New Study Looks at How Different Techniques to Model the Hurricane Boundary Layer Can Improve Forecasts

In a new study published in Atmosphere, hurricane scientists looked at how turbulent mixing in the boundary layer affects the intensity and structure of hurricanes in NOAA’s Hurricane Weather Research and Forecasting (HWRF) model. They found that turbulent mixing affects where thunderstorms in hurricanes occur, and how fast air flows towards the center of a storm.

Knowing what is happening in the atmosphere immediately above the ocean, an area called the boundary layer, is vital for predicting hurricane intensity. While hurricanes can measure hundreds of miles across, the strongest winds usually occur in gusts smaller than 100 yards across, what is known as the turbulent scale. The swirling flow associated with this small area is called turbulent mixing, which is especially important in the boundary layer where it can transport heat and moisture from the ocean below.

However, turbulent-scale features are too small for the HWRF and other models to capture; instead, scientists use parameterization to estimate the strength of turbulent mixing. Parameterization is a method used to represent the small-scale processes that can’t be resolved by models. This study reviewed the impact of planetary boundary layer parameterization schemes that have been used in the operational version of HWRF since 2011.

“The horizontal grid spacing of a hurricane forecast model is usually larger than 1 km, but the scales of turbulent eddies can be as small as 10 m,” said Jun Zhang, a hurricane scientist with the Cooperative Institute for Marine and Atmospheric Studies at the University of Miami.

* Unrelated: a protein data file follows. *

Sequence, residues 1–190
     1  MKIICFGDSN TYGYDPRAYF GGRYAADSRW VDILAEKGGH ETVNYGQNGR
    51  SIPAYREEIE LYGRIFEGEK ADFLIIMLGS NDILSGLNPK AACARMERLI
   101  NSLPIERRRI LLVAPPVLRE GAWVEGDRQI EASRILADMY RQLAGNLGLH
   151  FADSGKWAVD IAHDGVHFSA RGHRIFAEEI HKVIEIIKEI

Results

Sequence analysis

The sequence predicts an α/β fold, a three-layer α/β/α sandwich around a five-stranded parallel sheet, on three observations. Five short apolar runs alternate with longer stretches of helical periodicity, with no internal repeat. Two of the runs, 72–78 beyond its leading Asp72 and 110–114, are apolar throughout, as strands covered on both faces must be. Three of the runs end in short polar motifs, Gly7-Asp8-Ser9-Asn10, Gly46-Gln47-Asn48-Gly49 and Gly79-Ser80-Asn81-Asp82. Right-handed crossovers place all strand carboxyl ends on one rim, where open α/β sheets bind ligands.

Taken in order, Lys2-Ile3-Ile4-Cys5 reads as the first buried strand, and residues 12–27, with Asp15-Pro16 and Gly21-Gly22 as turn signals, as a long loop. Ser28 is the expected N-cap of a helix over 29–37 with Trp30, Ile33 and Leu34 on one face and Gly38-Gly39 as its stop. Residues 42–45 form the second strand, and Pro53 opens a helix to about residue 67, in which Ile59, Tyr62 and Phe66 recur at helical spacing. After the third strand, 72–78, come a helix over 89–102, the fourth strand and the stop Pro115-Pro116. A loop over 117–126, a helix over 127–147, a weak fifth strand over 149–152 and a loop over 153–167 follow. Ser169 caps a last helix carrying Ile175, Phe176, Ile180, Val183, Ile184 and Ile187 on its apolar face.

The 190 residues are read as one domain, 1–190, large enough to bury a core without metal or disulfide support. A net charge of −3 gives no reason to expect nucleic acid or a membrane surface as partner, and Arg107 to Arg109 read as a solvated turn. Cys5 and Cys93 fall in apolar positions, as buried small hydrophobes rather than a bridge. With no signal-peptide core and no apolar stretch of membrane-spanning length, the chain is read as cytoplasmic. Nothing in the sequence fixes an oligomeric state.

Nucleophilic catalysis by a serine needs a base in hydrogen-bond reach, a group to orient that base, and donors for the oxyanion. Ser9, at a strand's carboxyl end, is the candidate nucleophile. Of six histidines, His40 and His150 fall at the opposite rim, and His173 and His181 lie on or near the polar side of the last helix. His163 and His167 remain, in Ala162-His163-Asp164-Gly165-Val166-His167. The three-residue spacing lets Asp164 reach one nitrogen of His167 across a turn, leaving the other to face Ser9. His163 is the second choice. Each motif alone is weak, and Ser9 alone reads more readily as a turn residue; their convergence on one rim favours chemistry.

In this study, the HWRF model was run multiple times using five types of parameterization to determine which forecasts were closest to the observations obtained from NOAA’s Hurricane Hunter aircraft. Scientists then looked at how and why different boundary layer parameterization schemes produced different forecasts in the HWRF model.

Image showing differences in the hurricane structure in the region closest to the storm center due to changes in the vertical eddy diffusivity. RMW represents the radius of maximum wind speed, or the eyewall. The light blue arrows show the radial flow. The dark blue arrows show the updrafts and convection. The region below the green line is the boundary layer. Dry and cool biases were identified based on model evaluation against observations. These biases need to be corrected in future model physics upgrades.

Turbulent mixing is controlled by a parameter called the vertical eddy diffusivity. According to Zhang, the vertical eddy diffusivity is a parameter in the forecast model that describes the strength of vertical mixing by the small-scale rotating flow in the atmosphere.

“This study shows the tremendous value in using observations from the unique platform of hurricane hunter aircraft to improve the representation of fundamental physical processes in hurricane models,” said AOML hurricane scientist Robert Rogers.

“This parameter is very important for hurricane intensity forecast,” Zhang said. 

When vertical eddy diffusivity is high, more turbulent mixing occurs. When it is small, less turbulent mixing occurs, and the strongest winds in the model are closer to the center of the storm.

Scientists also determined that turbulent mixing affects where thunderstorms are located in hurricanes. When vertical eddy diffusivity is small, strong thunderstorms in a hurricane tend to be located closer to the center of the storm and further inside the eyewall where the fastest winds occur.

Turbulent mixing can also impact how fast air flows towards the center of a hurricane near the surface, otherwise known as the radial flow, as well as how tall the boundary layer is. This inflow feeds energy from the ocean into the hurricane’s core. When the vertical eddy diffusivity is small, the radial inflow is strong, and the boundary layer is shallow.

These findings emphasize the importance of model physics on hurricane intensity and structure forecasts and will guide model developers to further improve hurricane forecast models. Such improvements have the potential to save lives, reduce property damage, and increase the public’s confidence in NOAA’s official hurricane forecasts and warnings.